List the reasons why Nora decides to leave her husband and her children at the end of A Doll's House. Does this decision line up with who Nora presented herself as in the play? Was it a fair decision for her to make? Explain. Cite text evidence by act/line. 

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Nora decides to leave her husband and her children because she feels that she has been "done... a great wrong" by both her father and her husband, Torvald. She feels that she

passed from [her] father's hands into [Torvald's]. [Torvald] arranged everything according to [his] taste; and [she] got...

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Nora decides to leave her husband and her children because she feels that she has been "done... a great wrong" by both her father and her husband, Torvald. She feels that she

passed from [her] father's hands into [Torvald's]. [Torvald] arranged everything according to [his] taste; and [she] got the same tastes... or [she] pretended to. (Act 3)

She isn't sure which of these is the case (Act 3). She does not know whom she really is, what she likes or doesn't like, or what she thinks or doesn't think. She feels that she has lived her life "performing tricks" for men: first her father and then her husband.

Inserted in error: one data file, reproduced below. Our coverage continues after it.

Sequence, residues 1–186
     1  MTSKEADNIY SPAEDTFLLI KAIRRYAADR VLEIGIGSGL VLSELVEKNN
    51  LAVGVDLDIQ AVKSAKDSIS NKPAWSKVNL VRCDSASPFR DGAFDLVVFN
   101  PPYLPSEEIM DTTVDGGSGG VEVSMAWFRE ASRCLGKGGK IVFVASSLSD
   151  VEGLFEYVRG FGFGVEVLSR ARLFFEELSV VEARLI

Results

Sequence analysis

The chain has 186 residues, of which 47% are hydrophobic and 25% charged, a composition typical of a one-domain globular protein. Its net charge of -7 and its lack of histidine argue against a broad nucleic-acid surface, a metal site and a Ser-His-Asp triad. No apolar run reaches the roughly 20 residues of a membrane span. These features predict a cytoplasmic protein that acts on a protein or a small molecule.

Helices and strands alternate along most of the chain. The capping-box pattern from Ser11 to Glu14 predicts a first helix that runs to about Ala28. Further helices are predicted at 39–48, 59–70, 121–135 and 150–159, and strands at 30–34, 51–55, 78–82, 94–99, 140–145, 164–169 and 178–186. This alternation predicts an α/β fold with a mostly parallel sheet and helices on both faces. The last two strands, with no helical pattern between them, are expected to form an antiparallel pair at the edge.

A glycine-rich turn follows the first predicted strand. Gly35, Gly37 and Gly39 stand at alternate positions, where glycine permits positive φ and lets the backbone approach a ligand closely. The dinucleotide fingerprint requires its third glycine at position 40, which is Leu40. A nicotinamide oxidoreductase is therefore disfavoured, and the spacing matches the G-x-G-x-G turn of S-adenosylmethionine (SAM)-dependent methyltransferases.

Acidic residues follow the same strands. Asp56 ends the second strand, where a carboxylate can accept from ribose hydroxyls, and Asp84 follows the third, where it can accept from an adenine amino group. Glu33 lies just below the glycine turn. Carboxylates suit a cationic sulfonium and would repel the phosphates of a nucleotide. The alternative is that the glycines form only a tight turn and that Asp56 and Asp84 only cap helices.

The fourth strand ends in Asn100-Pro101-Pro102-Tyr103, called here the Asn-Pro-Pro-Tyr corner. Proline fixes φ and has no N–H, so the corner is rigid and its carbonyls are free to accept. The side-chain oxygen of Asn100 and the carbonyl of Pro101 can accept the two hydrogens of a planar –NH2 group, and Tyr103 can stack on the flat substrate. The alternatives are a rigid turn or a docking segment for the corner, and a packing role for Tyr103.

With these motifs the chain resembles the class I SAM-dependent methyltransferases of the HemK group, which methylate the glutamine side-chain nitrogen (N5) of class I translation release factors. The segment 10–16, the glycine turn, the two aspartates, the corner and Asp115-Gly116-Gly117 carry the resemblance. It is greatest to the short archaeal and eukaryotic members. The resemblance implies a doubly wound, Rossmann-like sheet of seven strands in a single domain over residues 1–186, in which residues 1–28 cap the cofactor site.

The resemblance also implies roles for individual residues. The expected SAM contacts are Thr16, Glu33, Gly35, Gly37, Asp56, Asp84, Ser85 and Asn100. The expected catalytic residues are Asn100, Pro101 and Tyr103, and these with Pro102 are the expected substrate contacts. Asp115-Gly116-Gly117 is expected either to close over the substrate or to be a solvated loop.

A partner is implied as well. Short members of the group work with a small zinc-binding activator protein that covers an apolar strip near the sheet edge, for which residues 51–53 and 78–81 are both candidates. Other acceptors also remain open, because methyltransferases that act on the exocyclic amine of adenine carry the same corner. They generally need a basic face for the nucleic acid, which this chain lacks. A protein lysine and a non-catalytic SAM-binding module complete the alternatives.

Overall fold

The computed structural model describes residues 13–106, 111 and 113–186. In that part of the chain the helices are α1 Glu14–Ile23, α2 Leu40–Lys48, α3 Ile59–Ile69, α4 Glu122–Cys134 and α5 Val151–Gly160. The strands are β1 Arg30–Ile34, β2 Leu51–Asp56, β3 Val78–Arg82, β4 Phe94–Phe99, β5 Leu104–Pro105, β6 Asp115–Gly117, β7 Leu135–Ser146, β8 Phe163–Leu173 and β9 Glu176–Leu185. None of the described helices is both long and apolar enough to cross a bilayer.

Nora also realizes that she is not happy, that she's only been "merry," and she describes the house she shares with Torvald as "nothing but a play-room" in which she has been merely a "doll-wife," just as she was her father's "doll-child" before that. She also feels that her children have been like her "dolls" with whom she has played just as Torvald has played with her (act 3). This is how she now thinks of their marriage. She claims that she needs time now to "educate [her]self" and that she "must set about it alone." She declares that this need to educate herself is "why [she is] leaving" Torvald (Act 3). Nora must "stand quite alone," she feels, in order to come to know herself. She cannot be alone if she is a wife and mother, and so she has to leave.

Nora has always been rebellious—eating forbidden sweets and taking out illegal and secret loans—but she's always done it with the belief that she is loved and valued. When she learns that she is not loved and valued by Torvald as she has loved and valued him, she sees the fantasy that has been her life. The world, created and controlled by men, has not been fair to Nora, and now she rebels against it. We might be most likely to feel sorry for her children, but she makes the right decision for herself, putting herself first for the first time in her life.

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